From a climatological point of view, the term climate change refers to the difference between the mean values of a climate parameter or statistics that is the difference between climatic states, which is outside the normal range of natural climate variability, whatever the cause may be (Arnell, 1996). The term climate variability denotes deviation or anomalies of climate parameter over a given period of time. In the most general sense, however, climate variability can be described by the differences between longterm statistics of meteorological elements calculated for different periods (Arnell, 1996).
Estimates of changes in agricultural production are dependent upon a) how climate changes at regional scales; b) assumptions regarding adaptation by producers and consumers; c) future technologies; d) population and income growth; e) land degradation; f) macroeconomic conditions; g) changes in international trade barriers; and h) changes in social and political conditions (Adams, 2004). The results are also sensitive to the assessment methods and models employed in these estimation exercises.
Agronomic and economic impacts from climate change depend primarily on two factors: (1) the rate and magnitude of change in climatic variables and the biophysical effects of these changes and (2) the ability of agricultural systems to adapt to changing environmental conditions (Adams, 2004).
The flexibility of agricultural systems suggests there is a significant human potential to adapt to climate change. Appropriate choices can lessen the yield losses that might result from climate change, or improve yields where climate change is beneficial. At the market level, yield changes will generate price and supply changes that can signal further opportunities to adapt (Adams, 2004). Climate affects plant development and crop production either directly or indirectly.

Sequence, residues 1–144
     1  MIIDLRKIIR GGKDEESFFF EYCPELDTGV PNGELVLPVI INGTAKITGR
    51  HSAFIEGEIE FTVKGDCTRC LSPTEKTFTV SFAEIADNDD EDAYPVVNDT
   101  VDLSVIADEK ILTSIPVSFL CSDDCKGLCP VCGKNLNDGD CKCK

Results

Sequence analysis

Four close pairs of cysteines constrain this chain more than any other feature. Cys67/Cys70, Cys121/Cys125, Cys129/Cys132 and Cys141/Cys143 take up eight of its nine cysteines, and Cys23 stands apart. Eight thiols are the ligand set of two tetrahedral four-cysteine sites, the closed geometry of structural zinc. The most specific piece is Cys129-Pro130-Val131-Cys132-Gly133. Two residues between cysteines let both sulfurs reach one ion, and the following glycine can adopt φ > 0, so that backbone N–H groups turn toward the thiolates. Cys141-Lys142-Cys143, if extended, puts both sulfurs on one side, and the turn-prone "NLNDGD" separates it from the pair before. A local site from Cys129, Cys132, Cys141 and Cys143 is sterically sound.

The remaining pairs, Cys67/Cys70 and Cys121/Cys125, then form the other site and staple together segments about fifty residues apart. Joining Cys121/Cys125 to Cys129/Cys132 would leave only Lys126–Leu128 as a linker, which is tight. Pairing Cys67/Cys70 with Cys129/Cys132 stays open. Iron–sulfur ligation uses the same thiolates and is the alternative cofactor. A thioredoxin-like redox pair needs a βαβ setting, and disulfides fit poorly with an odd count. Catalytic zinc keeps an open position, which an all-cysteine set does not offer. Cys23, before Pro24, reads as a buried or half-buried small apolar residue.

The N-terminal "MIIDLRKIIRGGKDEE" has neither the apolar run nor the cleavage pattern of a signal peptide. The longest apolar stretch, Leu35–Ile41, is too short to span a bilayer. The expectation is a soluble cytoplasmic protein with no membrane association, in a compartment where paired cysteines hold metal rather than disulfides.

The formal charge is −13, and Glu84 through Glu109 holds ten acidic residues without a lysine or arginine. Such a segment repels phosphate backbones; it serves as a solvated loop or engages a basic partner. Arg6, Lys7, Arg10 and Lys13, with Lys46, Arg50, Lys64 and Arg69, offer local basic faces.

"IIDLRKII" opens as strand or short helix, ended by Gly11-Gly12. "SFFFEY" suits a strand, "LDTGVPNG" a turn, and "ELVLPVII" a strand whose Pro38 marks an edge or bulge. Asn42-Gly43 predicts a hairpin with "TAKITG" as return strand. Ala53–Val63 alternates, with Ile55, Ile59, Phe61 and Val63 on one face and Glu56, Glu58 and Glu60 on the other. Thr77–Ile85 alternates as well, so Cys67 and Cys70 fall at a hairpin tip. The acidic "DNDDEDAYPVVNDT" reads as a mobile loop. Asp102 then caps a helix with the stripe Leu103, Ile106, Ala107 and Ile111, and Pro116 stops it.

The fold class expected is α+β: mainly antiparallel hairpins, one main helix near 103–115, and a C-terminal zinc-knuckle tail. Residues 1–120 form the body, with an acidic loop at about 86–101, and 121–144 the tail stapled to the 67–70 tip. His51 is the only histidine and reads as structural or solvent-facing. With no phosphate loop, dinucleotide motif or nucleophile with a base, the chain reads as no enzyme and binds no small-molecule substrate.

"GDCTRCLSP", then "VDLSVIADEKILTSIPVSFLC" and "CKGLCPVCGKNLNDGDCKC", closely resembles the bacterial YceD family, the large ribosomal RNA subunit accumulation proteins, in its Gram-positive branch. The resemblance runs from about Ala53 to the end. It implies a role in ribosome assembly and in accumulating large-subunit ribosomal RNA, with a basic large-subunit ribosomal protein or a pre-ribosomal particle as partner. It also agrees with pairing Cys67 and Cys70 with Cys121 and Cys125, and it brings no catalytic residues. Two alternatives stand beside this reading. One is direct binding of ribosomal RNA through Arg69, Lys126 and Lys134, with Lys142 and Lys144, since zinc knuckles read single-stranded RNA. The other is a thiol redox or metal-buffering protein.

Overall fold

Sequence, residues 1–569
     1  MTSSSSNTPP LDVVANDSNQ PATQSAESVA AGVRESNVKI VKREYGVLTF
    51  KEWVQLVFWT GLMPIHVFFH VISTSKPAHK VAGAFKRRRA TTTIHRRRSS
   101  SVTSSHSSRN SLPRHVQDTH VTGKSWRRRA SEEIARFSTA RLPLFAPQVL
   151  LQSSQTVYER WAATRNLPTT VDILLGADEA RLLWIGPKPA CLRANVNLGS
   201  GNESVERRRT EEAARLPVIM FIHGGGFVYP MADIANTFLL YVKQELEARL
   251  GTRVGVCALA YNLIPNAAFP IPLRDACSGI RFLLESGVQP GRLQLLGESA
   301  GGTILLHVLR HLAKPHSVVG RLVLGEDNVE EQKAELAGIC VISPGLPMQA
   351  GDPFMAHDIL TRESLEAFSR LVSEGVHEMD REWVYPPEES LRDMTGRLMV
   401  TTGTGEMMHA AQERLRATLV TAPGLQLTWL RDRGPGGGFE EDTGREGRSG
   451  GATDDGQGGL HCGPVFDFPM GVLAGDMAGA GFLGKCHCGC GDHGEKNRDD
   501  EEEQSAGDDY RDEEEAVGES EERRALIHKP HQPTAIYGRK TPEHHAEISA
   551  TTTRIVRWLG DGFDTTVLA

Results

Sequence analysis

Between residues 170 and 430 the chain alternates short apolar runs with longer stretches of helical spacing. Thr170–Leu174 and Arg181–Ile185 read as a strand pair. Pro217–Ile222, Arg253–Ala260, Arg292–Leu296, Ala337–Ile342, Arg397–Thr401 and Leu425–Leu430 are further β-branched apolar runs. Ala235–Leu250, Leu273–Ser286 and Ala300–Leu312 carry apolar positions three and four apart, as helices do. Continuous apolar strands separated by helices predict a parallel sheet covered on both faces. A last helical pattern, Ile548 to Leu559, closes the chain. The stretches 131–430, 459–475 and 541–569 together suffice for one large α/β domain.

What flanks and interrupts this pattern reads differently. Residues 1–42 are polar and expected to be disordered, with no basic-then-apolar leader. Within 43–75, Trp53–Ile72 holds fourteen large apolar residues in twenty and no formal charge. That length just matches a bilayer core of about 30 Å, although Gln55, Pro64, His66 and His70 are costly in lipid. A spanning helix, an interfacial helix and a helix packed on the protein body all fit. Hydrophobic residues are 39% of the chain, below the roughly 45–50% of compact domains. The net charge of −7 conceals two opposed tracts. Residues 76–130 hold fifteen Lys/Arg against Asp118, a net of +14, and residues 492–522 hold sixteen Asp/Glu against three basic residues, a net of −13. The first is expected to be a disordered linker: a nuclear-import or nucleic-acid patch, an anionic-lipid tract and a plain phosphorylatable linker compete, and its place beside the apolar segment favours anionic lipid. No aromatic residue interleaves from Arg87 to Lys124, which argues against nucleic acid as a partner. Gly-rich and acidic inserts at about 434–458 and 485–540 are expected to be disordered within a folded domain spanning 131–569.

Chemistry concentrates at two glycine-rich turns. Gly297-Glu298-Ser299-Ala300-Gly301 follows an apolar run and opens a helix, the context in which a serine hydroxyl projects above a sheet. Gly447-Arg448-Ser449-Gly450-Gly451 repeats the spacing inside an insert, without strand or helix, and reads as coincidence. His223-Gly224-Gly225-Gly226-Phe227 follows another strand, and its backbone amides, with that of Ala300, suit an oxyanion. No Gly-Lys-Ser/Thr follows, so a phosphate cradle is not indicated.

The main source for moisture to natural vegetation and crops is rainfall; additional water is available from capillary rise of ground water and from moisture that has been stored in the soil after the rainy season. The importance of capillary rise is estimated at 12 mm per day, depending on the depth of the groundwater, soil texture and relative air humidity (Verheye, 2004). Soil moisture storage depends mainly on soil depth, texture and organic matter content; it may range from an approximate 3050 mm in shallow and sandy soils to more than 200 mm in deep loams and clayloams (Verheye, 2004).
Mean annual precipitation is the most common and simplest climatic parameter for characterizing the moisture status in an area. It is however incomplete and not very relevant as an expression of moisture availability for agriculture or forestry because it gives no information on the precipitation pattern and on the eventual occurrence of intermediate dry spells. Rainfall information used for land evaluation purposes has therefore imperatively to include both the amount and the distribution of rain over the year.
Annual rainfall data define the moisture status of trees and perennials, but for annual crops only the rainfall in the growing period is relevant. As an example, a number of classification systems only take into account the April to September (Britain) or May to September (Canada) precipitation (Verheye, 2004). This gives not only a measure of the moisture status in the main part of the growing season, but also permits estimations of water deficiencies and their direct impact on crop behaviour and production (Verheye, 2004).